DHI Grant Writing Service

The Digital Humanities Institute (DHI) in the Faculty of Arts is able to provide a grant writing service for all applicants who are submitting bids to AHRC, ESRC, Leverhulme and other funders in which there is a Digital Humanities component (see: What is a Digital Humanities project?).

The DHI has considerable experience of grant writing: over 100 funded projects and nearly 30 years. It is a service which has been used by Principal Investigators at over 40 universities in the UK for projects ranging from £10k to £1m.

There is no fee for this service. As a technical partner on your funding application the DHI’s time will be included in your budget, so it is in our interests that you submit the best application possible. From experience we have a clear idea of what a good application looks like, and how to create one.

What is the service?

This is not an advisory service, although we can give you plenty of advice. This is a hands-on writing service done in full collaboration and consultation with you, to save you time, and to help you articulate your research ideas and research plan.

For example, here is a breakdown of the work required for an AHRC Research Grant (this scheme is currently suspended and the online application system is in beta version, so this guidance is likely to change during 2023):

  • Application narrative. The UKRI’s new application system no longer requires a Case for Support document. The application is written directly into word-limited sections on the application form (current UKRI guidance available here and Faculty guidance here). We can help you to write a good ‘Vision’ section. We can also draft most of the ‘Approach’, ‘Applicant’ and ‘Resources and Cost Justification’ sections for you to review and revise.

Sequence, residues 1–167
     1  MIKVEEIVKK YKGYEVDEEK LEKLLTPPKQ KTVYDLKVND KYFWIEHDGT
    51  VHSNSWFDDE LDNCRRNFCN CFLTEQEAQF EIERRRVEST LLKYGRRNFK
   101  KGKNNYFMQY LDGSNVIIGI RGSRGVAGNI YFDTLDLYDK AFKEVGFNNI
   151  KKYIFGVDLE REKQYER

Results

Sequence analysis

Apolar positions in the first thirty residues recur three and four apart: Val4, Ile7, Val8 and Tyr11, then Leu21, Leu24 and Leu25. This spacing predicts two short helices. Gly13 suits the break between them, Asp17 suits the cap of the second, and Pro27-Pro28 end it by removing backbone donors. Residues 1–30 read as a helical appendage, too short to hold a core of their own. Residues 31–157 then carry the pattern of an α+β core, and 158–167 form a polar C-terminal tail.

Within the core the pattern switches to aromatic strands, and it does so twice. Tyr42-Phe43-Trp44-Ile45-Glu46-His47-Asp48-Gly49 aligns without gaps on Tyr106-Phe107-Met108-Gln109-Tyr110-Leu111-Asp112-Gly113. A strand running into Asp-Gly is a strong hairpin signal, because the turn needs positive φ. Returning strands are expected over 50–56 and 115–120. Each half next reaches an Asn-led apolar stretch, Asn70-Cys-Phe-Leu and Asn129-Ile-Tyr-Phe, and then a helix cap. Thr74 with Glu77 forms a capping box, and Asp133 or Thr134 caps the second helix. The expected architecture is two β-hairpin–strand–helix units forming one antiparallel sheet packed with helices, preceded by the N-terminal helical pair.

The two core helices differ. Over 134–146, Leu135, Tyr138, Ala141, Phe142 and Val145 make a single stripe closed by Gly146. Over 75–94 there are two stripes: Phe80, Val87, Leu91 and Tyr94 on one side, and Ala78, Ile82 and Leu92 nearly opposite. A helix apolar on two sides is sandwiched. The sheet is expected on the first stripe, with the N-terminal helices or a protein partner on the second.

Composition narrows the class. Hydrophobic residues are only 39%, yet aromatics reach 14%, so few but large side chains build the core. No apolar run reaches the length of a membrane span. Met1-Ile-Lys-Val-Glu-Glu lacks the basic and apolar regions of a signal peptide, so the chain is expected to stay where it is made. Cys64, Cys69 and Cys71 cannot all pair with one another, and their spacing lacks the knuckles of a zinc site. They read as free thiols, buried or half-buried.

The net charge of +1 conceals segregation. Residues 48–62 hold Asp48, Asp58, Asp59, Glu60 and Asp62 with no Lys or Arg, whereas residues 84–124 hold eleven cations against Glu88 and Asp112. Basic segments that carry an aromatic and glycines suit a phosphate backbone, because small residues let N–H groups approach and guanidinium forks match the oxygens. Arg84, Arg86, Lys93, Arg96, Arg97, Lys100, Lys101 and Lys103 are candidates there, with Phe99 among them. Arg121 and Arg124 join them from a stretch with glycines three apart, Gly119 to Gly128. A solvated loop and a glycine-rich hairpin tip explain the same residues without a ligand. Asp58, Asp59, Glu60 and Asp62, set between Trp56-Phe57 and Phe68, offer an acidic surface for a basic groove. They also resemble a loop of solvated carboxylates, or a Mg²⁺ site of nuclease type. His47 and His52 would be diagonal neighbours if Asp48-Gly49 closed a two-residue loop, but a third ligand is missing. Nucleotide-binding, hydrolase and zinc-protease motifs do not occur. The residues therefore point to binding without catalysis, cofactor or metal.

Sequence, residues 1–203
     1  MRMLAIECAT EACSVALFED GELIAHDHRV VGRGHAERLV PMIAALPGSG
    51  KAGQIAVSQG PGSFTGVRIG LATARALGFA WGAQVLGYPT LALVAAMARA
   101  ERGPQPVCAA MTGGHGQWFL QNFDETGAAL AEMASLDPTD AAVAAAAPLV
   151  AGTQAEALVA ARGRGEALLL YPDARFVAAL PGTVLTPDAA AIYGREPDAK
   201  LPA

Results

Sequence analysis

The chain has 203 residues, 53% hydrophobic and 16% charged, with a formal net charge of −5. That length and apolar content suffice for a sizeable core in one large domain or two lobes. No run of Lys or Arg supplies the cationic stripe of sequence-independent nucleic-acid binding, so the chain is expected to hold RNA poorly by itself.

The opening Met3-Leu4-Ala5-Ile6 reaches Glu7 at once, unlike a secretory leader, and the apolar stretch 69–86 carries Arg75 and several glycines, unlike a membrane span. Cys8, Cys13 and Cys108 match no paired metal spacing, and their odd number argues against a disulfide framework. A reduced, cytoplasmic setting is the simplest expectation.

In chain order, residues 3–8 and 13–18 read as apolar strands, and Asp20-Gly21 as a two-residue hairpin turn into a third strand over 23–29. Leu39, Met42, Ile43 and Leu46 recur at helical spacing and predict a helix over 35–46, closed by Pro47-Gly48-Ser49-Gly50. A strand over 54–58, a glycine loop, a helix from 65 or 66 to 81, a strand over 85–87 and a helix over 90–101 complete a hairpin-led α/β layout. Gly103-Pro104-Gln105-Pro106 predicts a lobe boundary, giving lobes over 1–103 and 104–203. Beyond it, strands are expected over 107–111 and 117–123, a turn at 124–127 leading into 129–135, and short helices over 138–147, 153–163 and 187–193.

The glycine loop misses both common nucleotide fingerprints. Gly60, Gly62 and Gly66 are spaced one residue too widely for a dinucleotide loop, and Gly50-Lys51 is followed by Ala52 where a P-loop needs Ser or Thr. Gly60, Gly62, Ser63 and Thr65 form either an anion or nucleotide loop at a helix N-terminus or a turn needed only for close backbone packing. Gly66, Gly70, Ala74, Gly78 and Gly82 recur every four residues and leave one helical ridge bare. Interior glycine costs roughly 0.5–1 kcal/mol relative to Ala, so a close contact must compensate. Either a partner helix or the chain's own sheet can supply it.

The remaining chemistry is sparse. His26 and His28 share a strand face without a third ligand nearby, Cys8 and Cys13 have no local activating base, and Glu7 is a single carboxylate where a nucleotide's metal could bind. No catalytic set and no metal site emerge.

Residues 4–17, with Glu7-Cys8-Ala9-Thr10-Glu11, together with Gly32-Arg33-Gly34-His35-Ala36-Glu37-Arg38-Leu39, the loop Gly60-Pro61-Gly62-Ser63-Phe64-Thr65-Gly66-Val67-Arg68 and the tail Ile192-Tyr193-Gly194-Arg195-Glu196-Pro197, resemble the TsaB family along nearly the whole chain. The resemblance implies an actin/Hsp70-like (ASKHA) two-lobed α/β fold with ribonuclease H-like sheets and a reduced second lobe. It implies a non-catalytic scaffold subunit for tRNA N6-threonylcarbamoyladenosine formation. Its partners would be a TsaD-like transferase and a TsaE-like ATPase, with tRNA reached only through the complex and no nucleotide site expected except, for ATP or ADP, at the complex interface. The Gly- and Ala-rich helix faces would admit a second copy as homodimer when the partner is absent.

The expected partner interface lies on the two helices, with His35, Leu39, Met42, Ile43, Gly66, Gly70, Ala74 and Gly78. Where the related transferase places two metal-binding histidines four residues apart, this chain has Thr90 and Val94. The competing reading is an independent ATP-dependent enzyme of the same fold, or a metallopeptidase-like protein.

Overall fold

• Gantt Chart / Work Plan. We can write this for you.
  • Costings. The Faculty’s Research Support Officers can help you with this.
  • External Partners. The DHI has collaborated with over 50 non-academic partners in its time. We can approach new organisations if you have never worked with them before.

Drafts of all of the above are produced for you to approve and revise. For example, when writing your project’s methodology we will talk through with you what your methods are (typically a combination of digital and non-digital), prepare a draft text for this section, and then hand it back to you for further refinement.

Of course, if you want to do all the writing yourself and you just need a critical friend to review your drafts, we can do that as well.

This might seem an unusual hands-on approach for a technical partner, but nearly 30 years and over 100 projects later, we have learnt a lot about how best to communicate research ideas.

How do I access the service?

The DHI’s hands-on approach means that the earlier you can contact us, the better. For example, you might have a research project in mind but you are not sure how digital methods might enhance it. This is the perfect time to discuss your idea with us so that we help you shape it.

We will be honest! Sometimes a Digital Humanities approach is not always appropriate, in which case we will flag this up. We are not interested in turning every research project into a Digital Humanities project. It isn’t in our interests to spend time on a grant application which does not warrant digital methods and therefore might not be funded.

You can access the DHI’s grant writing service directly by contacting Michael Pidd m.pidd@sheffield.ac.uk.

You can find out more about what constitutes a Digital Humanities project here.

There is also lots of helpful information about grant writing, including tips, on the Faculty’s Research Portal.